Good practice for formative assessment and feedback in statistics courses

Paterson, Karina (2009) Good practice for formative assessment and feedback in statistics courses. MSc(R) thesis, University of Glasgow.

Full text available as:
[img]
Preview
PDF
Download (1MB) | Preview

Abstract

Feedback to learners about their work is an important part of the teaching and
learning process for any subject. Feedback should ensure students are clear on
where they went wrong and what they can improve in the future. Without useful
feedback students continue to make similar mistakes. However mathematical
subjects such as Statistics appear to place less emphasis on feedback compared
to other subjects. Statistics has made steady pedagogic progress and now uses
a variety of assessment methods, but producing effective feedback for these
methods has not made the same progress. This thesis investigates the feedback
currently given to some Statistics classes for students who are studying Statistics
as part of a degree in another subject, proposes a set of useable guidelines for
producing effective feedback and reports on the creation and piloting of a
multiple choice, computer-aided assessment system that provides immediate
feedback to learners in Statistics courses.
The first chapter of the thesis discusses the background of the subject. Key
features include the Quality Assurance Agency’s code of practice, which
institutions should be following with regards to assessment, the National Student
Survey, in which results for assessment and feedback are generally not
favourable, and the various models for Statistics assessment suggested by Gal
and Garfield in their book The Assessment Challenge in Statistics Education. An
interesting thing about this book is that, though the whole book focuses on
assessment, there is little mention of how to give feedback for any of the models.
Chapter two reviews the literature on feedback. This reveals that feedback can
improve or impair performance depending on various factors. A summary is
given of the most repeated guiding principles for constructing feedback. How
students use feedback, including guidelines for receiving feedback, is also
discussed. The final part of the chapter looks at the advice given for constructing
8
multiple choice tests and the lack of guidance for feedback relating to multiple
choice questions.
Chapter three describes student questionnaires that were implemented in
Statistics courses at the University of Glasgow to survey student attitudes to the
feedback they received. A questionnaire and follow up questionnaire based on
the guiding principles was piloted with a small group of second year Statistics
students. Before issuing the follow up questionnaire, the way feedback was
produced was changed in line with the guiding principles. When the
questionnaires were compared, students were more satisfied with how quickly
feedback was returned, the amount of feedback, the detail and the overall
usefulness of the feedback after the intervention. The questionnaire was then
adjusted to fit with a larger first year class. This included adding the Rosenberg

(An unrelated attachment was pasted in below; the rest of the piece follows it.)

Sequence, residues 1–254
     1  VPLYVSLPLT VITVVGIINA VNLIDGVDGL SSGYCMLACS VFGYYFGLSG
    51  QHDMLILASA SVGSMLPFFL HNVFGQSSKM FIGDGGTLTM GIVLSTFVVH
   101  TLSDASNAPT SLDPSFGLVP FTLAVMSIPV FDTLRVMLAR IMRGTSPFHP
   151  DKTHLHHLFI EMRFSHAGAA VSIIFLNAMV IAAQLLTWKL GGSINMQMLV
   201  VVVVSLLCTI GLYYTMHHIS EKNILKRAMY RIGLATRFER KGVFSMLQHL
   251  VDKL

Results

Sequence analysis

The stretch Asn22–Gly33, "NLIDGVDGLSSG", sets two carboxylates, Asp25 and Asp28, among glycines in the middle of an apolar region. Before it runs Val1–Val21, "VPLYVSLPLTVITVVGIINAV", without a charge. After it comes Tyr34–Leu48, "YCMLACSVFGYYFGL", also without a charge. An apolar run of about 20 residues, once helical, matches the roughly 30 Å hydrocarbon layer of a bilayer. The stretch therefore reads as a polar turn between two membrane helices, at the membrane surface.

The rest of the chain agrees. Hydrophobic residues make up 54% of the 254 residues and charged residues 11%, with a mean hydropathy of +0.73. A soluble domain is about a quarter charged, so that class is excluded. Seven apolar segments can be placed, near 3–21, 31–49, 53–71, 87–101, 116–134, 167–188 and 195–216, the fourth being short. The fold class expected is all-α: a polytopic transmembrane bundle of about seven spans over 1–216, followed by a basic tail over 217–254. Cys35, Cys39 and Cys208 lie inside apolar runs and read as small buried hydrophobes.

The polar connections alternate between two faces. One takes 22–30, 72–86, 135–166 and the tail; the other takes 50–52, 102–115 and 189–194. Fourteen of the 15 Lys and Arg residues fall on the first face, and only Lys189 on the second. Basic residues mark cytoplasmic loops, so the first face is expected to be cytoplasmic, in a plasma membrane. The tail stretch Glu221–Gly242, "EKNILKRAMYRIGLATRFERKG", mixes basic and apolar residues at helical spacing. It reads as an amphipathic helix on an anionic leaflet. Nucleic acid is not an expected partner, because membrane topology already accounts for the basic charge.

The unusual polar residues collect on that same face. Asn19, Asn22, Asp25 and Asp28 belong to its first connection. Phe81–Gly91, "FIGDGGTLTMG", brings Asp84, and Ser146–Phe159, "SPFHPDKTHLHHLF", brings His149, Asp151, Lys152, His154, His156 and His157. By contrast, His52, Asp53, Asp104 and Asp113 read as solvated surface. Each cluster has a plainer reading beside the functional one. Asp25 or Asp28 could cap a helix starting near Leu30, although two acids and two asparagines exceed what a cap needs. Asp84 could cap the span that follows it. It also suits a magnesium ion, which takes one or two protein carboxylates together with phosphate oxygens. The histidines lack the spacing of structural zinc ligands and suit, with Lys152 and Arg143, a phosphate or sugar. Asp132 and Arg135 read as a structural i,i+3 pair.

self esteem scale to measure students self esteem. These results showed that
the detail of the feedback given needs to be improved more than the amount.
The most common reasons given for why the feedback was not detailed enough
were that there was no suggestion for improvement, it was unclear where the
mark was lost and the feedback was too vague. There may also be a relationship
between students self esteem and the attention they pay to feedback. It appears
those with a lower self esteem pay less attention to feedback. At the end of
chapter three a briefing document is presented that can be used to help train
markers. This is a summary of the guiding principles and includes good and bad
examples of feedback.
Chapter four discusses the construction of a multiple choice testing system and
the creation of specific tests for use in a level one Statistics course. First the
chapter describes the piloting of another computer-aided assessment system
called Model Choice. The results of this were very positive, with all students
agreeing the system was easy to use and appreciating the immediate feedback.
Next a similar system was created for use with the Statistics class for
Psychologists and Social Scientists. Multiple choice questions were constructed
9
for four of this course’s labs, on sampling and interval estimation, multiple
regression, experimental design and categorical data. For each question, three
incorrect options and a correct option were produced. Feedback was also written
for each option explaining why the chosen answer was either correct or incorrect.
Students getting the answer wrong first time were then given a second attempt.
The literature on constructing multiple choice assessments was consulted during
this process.
Chapter five focuses on piloting the computer-aided assessment system. The
system was initially trialled with postgraduates and staff. The program received
an excellent response and a group discussion revealed plenty of constructive
ideas to improve the system. The program was then trialled with new third year
Statistics students.
The final chapter summarises and discusses the results obtained to date and
makes suggestions for further work.

Item Type: Thesis (MSc(R))
Qualification Level: Masters
Keywords: Assessment, Feedback
Subjects: H Social Sciences > HA Statistics
Colleges/Schools: College of Science and Engineering > School of Mathematics and Statistics > Statistics
Supervisor's Name: McColl, Prof. John
Date of Award: 2009
Depositing User: Miss Karina Paterson
Unique ID: glathesis:2009-623
Copyright: Copyright of this thesis is held by the author.
Date Deposited: 13 Mar 2009
Last Modified: 13 Jul 2017 13:19
URI: http://theses.gla.ac.uk/id/eprint/623

Actions (login required)

View Item View Item